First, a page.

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I called the cashier at wegmans Dear.  "thank you, dear"  Also a reflex.  Something is giving me the impression we are of the young and disrespectful crowd or something.  winky.gif
 

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Wait, how am I bitter?  B/c I called her hon?  Dude, I called the cashier at Wal-Mart hon the other day.  It's reflex.  But if velochic wants to think I'm bitter, well bless her little heart.

 

And bread at fancy restaurants just seems like too much trouble.  I am weirdly fixated on bread today b/c I am craving carbs and we're out of bread at home (where I butter the entire slice and bite it).

 

 



 

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by the way in general terms - at least that is the statistics out there - that ones definition of wealthy is anyone who makes double their income. this is in general term.


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Originally Posted by ~Charlie's~Angel~ View Post


I called the cashier at wegmans Dear.  "thank you, dear"  Also a reflex.  Something is giving me the impression we are of the young and disrespectful crowd or something.  winky.gif
 

 


Actually, I tend to associate "dear" and "hon" and such with older people, not younger ones. It grates on me, but I've learned to just ignore it, because the people saying it rarely mean anything by it. I think it's a regional thing.

 


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On the bread thing....

 

I've never understood the why of that particular *rule* but I will say this, by breaking it off and eating it in one bite pieces you don't ruin your lipstick.  Really, it works.  LOL.

 

I don't think I have anything else to add beyond that shallow and vain observation at this point.  ;)

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#147 of 200 Old 08-25-2011, 04:53 PM
 
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by the way in general terms - at least that is the statistics out there - that ones definition of wealthy is anyone who makes double their income. this is in general term.


Probably very true. Or at least double the income living in the same COL area.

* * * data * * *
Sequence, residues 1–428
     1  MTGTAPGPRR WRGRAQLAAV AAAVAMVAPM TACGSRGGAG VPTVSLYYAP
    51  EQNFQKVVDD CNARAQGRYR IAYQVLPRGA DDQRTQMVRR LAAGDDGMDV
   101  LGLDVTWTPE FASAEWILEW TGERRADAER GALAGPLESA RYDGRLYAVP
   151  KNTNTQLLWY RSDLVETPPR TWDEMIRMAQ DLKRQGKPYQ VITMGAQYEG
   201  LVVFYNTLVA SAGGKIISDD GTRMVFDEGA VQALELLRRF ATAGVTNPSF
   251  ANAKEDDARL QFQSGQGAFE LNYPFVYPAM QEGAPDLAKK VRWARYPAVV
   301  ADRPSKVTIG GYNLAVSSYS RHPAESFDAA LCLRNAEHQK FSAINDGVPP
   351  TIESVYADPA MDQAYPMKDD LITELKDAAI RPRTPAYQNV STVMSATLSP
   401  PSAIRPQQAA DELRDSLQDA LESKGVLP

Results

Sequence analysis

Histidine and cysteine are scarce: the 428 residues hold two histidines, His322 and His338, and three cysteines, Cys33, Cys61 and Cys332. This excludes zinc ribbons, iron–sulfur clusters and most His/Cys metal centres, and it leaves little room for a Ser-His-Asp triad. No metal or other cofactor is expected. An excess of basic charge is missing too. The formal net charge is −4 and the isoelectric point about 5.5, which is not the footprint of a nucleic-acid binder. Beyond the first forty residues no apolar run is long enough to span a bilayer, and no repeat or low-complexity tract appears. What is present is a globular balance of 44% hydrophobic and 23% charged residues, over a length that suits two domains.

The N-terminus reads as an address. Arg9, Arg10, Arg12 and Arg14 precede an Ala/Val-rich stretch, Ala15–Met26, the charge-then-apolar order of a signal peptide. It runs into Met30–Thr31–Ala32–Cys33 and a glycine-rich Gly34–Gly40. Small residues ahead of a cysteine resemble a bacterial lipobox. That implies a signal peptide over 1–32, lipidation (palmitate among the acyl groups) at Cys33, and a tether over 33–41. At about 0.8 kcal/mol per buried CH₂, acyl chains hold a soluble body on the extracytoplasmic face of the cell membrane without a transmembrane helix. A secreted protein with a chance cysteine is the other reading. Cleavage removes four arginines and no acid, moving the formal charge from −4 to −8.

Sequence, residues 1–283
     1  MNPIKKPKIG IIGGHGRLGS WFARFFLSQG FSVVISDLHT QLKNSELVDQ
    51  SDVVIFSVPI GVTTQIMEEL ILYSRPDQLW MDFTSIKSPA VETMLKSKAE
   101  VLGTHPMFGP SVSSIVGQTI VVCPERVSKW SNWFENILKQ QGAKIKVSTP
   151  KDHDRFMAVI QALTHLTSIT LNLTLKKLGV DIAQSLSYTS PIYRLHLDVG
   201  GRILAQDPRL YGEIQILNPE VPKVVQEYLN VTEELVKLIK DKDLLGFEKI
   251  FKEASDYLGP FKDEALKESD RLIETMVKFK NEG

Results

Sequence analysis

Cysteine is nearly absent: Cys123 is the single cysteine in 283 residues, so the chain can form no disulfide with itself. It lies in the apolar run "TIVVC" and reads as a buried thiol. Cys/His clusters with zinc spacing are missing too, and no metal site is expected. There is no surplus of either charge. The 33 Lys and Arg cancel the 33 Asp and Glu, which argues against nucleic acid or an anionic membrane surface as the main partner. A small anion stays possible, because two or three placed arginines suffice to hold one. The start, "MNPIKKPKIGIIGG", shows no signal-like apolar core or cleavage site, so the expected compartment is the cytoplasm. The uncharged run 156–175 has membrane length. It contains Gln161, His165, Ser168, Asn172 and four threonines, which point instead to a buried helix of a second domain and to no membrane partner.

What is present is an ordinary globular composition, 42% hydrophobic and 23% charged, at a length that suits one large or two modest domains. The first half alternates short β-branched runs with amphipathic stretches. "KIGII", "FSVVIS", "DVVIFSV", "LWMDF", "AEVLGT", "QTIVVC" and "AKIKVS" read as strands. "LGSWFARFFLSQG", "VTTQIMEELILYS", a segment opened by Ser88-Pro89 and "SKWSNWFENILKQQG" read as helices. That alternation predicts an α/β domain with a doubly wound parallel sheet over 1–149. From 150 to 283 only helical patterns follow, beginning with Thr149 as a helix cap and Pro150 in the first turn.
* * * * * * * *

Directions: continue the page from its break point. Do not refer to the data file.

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Wow. So, people actually enjoy dining out at "nice" places, huh? 

 

yes

 

I don't want to get into this whole thread but people do use these manner like those that I posted, there are times when it does matter--if you should ever need to deal with others that were raised this way, a situation where you need to have a formal dinner for a business and you are dealing with say someone from outside the us (JUST AN EXAMPLE) having certain manners can mean a deal breaker-others do reflect on manners IRL-some don't 

 

not getting into judgement here-just stating it does happen


 

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Originally Posted by ChristyMarie View Post

On the bread thing....

 

I've never understood the why of that particular *rule* but I will say this, by breaking it off and eating it in one bite pieces you don't ruin your lipstick.  Really, it works.  LOL.

 

I don't think I have anything else to add beyond that shallow and vain observation at this point.  ;)

 

In the same vein, I would imagine it's because nobody wants to think about your saliva, germs, food detritus, and yes, lipstick on the bread if you took a bite then put the rest down.
 

 


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yes

 

I don't want to get into this whole thread but people do use these manner like those that I posted, there are times when it does matter--if you should ever need to deal with others that were raised this way, a situation where you need to have a formal dinner for a business and you are dealing with say someone from outside the us (JUST AN EXAMPLE) having certain manners can mean a deal breaker-others do reflect on manners IRL-some don't 

 

not getting into judgement here-just stating it does happen


Oh, I get that. I avoid situations where it matters like the plague. I'm just surprised that people actually find dining out by these "rules" to be an enjoyable experience, is all. Styles differ. If I do find myself in such a situation, I'll be very grateful when it's over.

 

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Loving my amazing dh, James & forever missing ribbonpb.gif Aaron Ambrose ribboncesarean.gif (11/07) ribbonpb.gif